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Memoirs of the Life of Sir Walter Scott, Bart.
Walter Scott to Robert Southey, 1 October 1807

Vol I Preface
Vol. I Contents.
Chapter I
Chapter II 1771-78
Chapter III 1778-83
Chapter IV 1783-86
Chapter V 1786-90
Chapter VI 1790-92
Chapter VII 1792-96
Chapter VIII 1796-97
Chapter IX 1798-99
Chapter X 1800-02
Chapter XI 1802-03
Chapter XII 1803-04
Vol. II Contents.
Chapter I 1804-05
Chapter II 1805
Chapter III 1806
Chapter IV 1806-08
Chapter V 1808
Chapter VI 1808-09
Chapter VII 1809-10
Chapter VIII 1810
Chapter IX 1810
Chapter X 1810-11
Chapter XI 1811
Chapter XII 1811-12
Vol. III Contents.
Chapter I 1812-13
Chapter II 1813
Chapter III 1814
Chapter IV 1814
Chapter V 1814
Chapter VI 1814
Chapter VII 1814
Chapter VIII 1814
Chapter IX 1814
Chapter X 1814-15
Chapter XI 1815
Chapter XII 1815
Vol III Appendix
Vol. IV Contents.
Chapter I 1816
Chapter II 1817
Chapter III 1817
Chapter IV 1818
Chapter V 1818
Chapter VI 1818
Chapter VII 1818-19
Chapter VIII 1819
Chapter IX 1819
Chapter X 1819
Chapter XI 1820
Chapter XII 1820
Vol. V Contents.
Chapter I 1820
Chapter II 1820-21
Chapter III 1821
Chapter IV 1821
Chapter V 1821
Chapter VI 1821
Chapter VII 1822
Chapter VIII 1822
Chapter IX 1822-23
Chapter X 1823
Chapter XI 1823
Chapter XII 1824
Chapter XIII 1824-25
Vol. VI Contents.
Chapter I 1825
Chapter II 1825
Chapter III 1825
Chapter IV 1825
Chapter V 1826
Chapter VI 1826
Chapter VII 1826
Chapter VIII 1826
Chapter IX 1826
Chapter X 1826
Chapter XI 1826
Vol. VII Contents.
Vol VII Preface
Chapter I 1826-27
Chapter II 1827
Chapter III 1828
Chapter IV 1828
Chapter V 1829
Chapter VI 1830
Chapter VII 1830-31
Chapter VIII 1831
Chapter IX 1831
Chapter X 1831-32
Chapter XI 1832
Chapter XII
Vol VII Appendix
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“Ashestiel, 1st October, 1807.
“My dear Southey,

“It will give me the most sincere pleasure to receive any token of your friendly remembrance, more especially in the shape of a romance of knight-errantry. You know so well how to furbish the arms of a preux chevalier, without converting him à la Tressan into a modern light dragoon, that my expectations from Palmerin are very high, and I have given directions to have him sent to this retreat so soon as he reaches Edinburgh. The half-guinea for Hogg’s poems was duly received. The uncertainty of your residence prevented the book being sent at the time proposed—it shall be forwarded from Edinburgh to the bookseller at Carlisle, who will probably know how to send it safe. I hope very soon to send you my Life of Dryden, and eke my last Lay—(by the way, the former ditty was only proposed as the lay of the last Minstrel, not his last fitt). I grieve that you have renounced the harp; but still I confide, that, having often touched it so much to the delight of the hearers, you will return to it again after a short interval. As I don’t much admire compliments, you may believe me sincere when I tell you, that I have read Madoc three times since my first cursory perusal, and each time with increased admiration of the poetry. But a poem whose merits are of that higher tone does not immediately take with the public at large. It is even possible that during your own life—and may it be as long as every real lover of literature can wish—you must be contented with the applause of the few whom nature has gifted with the rare taste for discriminating in poetry. But the mere Readers of verse must one day come in, and then Ma-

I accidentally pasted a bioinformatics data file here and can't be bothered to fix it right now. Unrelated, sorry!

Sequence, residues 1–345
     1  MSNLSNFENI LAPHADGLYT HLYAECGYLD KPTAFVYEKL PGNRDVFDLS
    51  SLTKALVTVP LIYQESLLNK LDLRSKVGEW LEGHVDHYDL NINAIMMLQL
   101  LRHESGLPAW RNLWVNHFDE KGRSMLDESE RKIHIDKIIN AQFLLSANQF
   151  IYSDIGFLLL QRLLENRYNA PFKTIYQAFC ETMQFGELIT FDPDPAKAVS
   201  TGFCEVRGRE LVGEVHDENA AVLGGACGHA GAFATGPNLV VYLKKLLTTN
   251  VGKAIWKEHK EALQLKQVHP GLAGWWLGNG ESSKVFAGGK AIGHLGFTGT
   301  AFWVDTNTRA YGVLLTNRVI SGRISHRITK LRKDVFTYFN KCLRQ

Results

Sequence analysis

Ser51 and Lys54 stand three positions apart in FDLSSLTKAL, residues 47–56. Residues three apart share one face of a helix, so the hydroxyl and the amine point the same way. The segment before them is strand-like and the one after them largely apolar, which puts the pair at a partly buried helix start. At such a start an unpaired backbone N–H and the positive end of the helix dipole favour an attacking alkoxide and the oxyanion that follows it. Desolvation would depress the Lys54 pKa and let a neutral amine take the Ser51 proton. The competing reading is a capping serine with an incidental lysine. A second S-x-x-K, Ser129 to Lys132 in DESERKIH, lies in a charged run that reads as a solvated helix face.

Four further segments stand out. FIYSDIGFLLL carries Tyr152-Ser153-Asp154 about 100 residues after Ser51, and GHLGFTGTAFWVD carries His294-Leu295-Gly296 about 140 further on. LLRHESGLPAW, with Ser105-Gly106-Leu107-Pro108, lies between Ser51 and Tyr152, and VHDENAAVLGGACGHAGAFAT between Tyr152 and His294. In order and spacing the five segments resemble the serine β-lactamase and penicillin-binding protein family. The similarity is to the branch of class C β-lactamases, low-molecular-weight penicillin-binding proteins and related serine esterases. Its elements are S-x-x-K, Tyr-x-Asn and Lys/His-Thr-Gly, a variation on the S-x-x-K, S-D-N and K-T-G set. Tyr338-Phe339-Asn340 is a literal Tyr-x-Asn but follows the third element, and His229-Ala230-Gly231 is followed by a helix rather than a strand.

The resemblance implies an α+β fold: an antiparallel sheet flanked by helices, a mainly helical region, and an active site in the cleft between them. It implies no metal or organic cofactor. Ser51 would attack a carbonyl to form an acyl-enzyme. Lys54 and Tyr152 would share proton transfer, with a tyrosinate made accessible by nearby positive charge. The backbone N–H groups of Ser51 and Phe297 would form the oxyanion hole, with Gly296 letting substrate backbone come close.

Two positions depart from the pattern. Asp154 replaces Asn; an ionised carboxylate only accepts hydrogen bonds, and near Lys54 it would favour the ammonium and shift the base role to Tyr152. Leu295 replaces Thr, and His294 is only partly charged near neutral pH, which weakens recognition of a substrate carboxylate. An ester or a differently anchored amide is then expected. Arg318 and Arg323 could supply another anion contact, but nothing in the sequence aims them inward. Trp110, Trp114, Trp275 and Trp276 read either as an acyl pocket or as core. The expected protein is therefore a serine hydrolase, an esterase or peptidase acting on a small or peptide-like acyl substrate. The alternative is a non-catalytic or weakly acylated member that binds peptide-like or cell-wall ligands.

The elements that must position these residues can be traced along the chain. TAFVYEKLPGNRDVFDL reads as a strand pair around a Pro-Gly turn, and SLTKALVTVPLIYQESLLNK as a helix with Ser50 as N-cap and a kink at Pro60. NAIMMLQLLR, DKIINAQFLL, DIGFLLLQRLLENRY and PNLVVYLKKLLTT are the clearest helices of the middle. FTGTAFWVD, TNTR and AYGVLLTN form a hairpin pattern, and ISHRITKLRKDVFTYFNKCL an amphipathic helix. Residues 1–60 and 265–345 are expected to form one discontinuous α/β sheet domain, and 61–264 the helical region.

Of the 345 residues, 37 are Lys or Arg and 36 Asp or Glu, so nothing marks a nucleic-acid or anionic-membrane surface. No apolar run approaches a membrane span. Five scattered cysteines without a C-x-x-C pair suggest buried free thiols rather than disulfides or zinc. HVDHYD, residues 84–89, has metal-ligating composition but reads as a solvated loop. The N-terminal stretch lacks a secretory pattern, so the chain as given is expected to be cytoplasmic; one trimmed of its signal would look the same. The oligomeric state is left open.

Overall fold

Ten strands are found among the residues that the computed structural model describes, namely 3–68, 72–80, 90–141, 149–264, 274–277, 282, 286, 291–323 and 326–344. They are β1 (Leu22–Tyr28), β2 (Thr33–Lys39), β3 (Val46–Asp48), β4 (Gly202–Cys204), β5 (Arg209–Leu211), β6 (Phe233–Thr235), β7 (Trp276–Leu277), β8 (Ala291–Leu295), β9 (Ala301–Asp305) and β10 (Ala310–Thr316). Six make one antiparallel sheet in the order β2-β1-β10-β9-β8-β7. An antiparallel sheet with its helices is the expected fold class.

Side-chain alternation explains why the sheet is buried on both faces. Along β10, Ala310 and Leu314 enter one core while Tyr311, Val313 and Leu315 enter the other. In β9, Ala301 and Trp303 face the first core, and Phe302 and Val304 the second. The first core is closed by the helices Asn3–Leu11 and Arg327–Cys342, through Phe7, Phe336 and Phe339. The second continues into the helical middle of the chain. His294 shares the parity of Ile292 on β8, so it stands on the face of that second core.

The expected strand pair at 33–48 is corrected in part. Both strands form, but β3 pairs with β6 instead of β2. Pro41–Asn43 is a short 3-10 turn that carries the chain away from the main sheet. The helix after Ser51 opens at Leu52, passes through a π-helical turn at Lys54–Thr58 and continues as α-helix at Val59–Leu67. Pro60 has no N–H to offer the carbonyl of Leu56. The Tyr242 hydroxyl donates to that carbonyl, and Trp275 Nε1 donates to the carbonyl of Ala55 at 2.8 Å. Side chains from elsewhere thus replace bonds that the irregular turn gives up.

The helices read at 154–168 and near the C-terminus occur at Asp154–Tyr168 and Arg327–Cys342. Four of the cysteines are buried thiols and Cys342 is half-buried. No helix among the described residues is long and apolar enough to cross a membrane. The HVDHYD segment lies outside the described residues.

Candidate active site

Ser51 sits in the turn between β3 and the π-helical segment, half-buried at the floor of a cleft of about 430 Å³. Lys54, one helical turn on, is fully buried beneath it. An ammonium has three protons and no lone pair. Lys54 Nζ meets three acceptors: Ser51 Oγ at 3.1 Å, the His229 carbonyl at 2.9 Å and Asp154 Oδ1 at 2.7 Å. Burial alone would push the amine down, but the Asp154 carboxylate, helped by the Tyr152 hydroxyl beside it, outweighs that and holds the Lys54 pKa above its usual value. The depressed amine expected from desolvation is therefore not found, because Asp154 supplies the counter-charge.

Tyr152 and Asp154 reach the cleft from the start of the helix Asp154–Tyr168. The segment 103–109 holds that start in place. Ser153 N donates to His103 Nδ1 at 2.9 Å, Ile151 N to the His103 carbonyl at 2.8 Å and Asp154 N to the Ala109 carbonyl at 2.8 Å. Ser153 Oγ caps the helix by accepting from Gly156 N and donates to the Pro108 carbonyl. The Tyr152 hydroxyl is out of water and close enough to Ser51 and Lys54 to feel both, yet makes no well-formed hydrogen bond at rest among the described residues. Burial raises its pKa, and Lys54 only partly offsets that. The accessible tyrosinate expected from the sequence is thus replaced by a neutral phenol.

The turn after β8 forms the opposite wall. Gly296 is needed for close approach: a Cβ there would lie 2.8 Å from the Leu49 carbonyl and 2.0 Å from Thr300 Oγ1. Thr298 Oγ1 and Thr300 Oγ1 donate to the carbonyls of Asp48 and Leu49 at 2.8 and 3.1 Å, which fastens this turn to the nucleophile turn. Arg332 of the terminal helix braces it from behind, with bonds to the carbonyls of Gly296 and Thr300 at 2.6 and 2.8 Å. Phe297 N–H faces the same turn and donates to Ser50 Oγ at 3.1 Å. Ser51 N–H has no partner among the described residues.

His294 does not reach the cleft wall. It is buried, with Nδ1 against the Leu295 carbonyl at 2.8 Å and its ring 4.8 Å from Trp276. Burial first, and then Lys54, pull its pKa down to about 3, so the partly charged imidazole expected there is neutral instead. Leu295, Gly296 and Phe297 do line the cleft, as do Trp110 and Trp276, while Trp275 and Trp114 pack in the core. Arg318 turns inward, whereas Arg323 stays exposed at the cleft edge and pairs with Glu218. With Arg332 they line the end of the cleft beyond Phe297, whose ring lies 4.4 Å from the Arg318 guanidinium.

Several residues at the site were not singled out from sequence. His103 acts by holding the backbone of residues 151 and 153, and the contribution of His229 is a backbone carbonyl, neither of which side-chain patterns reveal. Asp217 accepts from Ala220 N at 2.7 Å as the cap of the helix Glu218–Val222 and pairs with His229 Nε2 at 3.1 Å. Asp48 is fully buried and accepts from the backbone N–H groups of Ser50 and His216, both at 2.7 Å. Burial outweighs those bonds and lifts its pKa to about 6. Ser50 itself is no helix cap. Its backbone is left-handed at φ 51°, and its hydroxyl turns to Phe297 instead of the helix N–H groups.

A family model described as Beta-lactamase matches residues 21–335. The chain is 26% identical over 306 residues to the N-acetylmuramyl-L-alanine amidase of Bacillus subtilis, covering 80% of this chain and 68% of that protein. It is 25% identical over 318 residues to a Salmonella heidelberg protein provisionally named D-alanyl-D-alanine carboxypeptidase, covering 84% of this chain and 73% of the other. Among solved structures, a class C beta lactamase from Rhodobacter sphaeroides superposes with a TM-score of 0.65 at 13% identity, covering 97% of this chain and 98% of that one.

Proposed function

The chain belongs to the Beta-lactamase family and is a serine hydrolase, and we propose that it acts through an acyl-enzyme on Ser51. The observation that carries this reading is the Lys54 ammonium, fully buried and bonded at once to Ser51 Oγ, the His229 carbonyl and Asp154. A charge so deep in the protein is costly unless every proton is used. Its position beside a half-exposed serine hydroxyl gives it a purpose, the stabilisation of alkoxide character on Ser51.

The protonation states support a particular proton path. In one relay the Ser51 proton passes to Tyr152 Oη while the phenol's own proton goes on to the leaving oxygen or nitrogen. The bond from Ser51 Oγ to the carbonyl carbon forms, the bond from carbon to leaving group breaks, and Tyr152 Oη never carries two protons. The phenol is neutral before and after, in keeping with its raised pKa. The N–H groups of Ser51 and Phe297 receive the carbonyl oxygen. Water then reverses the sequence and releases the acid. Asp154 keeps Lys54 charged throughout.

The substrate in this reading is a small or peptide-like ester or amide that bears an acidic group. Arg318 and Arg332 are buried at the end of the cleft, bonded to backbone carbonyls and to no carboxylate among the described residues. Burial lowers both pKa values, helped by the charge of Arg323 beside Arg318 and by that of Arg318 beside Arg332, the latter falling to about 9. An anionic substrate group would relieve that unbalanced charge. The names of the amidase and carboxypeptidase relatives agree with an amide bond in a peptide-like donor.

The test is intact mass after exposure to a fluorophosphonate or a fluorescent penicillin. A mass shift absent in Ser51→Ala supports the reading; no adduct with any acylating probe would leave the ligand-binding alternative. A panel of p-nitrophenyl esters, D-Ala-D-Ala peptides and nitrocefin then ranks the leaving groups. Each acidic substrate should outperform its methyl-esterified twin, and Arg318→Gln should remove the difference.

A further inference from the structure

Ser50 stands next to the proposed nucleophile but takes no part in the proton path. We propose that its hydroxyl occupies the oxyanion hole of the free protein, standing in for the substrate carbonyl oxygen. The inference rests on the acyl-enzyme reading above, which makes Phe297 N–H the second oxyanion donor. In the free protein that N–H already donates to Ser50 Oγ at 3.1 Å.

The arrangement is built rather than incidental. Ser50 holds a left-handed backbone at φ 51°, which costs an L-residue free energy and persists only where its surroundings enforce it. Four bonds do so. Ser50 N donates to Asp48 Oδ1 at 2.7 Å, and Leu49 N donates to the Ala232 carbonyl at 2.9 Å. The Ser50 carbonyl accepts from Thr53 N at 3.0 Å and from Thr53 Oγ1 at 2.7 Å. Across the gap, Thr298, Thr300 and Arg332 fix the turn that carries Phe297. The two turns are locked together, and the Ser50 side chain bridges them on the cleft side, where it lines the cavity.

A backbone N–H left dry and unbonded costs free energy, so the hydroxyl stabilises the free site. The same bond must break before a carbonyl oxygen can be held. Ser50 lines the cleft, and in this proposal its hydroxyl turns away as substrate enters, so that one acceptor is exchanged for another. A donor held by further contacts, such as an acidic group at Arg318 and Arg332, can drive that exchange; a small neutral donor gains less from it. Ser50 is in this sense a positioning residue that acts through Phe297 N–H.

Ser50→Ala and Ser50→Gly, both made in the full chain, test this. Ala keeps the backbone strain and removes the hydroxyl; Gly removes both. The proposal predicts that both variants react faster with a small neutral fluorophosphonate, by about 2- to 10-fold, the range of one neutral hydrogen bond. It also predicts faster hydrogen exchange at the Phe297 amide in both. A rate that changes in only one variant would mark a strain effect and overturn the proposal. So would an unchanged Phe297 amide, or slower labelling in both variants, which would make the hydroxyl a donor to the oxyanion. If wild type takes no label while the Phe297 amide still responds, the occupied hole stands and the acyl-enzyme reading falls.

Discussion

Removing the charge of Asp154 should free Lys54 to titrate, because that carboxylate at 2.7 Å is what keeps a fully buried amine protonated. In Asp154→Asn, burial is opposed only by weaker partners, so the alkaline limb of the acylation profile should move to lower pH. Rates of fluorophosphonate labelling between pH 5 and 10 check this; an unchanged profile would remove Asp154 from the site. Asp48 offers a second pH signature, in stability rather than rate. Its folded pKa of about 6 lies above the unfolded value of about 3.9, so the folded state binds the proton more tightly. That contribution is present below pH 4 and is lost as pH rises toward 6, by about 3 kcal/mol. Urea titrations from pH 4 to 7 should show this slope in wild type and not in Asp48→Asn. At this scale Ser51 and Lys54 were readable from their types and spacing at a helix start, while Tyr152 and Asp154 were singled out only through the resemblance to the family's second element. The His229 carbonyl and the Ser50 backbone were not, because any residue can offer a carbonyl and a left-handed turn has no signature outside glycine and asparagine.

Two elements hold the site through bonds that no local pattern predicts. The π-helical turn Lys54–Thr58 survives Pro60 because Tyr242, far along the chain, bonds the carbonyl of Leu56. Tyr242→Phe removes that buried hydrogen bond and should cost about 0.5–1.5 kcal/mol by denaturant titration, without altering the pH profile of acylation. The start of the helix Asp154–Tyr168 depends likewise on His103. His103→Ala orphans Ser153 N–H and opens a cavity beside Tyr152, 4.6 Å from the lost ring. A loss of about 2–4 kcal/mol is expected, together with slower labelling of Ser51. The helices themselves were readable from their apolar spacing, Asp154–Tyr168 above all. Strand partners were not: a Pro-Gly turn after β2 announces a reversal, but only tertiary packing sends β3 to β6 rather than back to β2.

doc will assume his real place at the feet of
Milton. Now this opinion of mine was not that (to speak frankly) which I formed on reading the poem at first, though I then felt much of its merit. I hope you have not and don’t mean to part with the copyright. I do not think Wordsworth and you understand the bookselling animal well enough, and wish you would one day try my friend Constable, who would give any terms for a connexion with you. I am most anxious to see the Cid. Do you know I committed a theft upon you (neither of gait, kine, nor horse, nor outside nor inside plenishing, such as my forefathers sought in Cumberland), but of many verses of the Queen Auragua,* or howsoever you spell her name? I repeated them to a very great lady (the Princess of Wales), who was so much delighted with them, that I think she got them by heart also. She asked a copy, but that I declined to give, under pretence I could not give an accurate one; but I promised to prefer her request to you. If you wish to oblige her R. H., I will get the verses transmitted to her; if not, the thing may be passed over.

“Many thanks for your invitation to Keswick, which I hope to accept, time and season permitting. Is your brother with you? if so, remember me kindly. Where is Wordsworth, and what doth he do? I wrote him a few lines some weeks ago, which I suspect never came to hand. I suppose you are possessed of all relating to the Cid, otherwise I would mention an old romance, chiefly relating to his banishment, which is in John Frere’s possession, and from which he made some lively translations in a tripping Alexandrine stanza. I dare say he would communicate the original, if it could

* The ballad of Queen Orraca was first published in the Edinburgh Annual Register for 1808.

be of the least use.* I am an humble petitioner that your interesting Spanish ballads be in some shape appended to
the Cid. Be assured they will give him wings. There is a long letter written with a pen like a stick. I beg my respects to Mrs Southey, in which Mrs Scott joins; and I am, very truly and affectionately, yours,

Walter Scott.”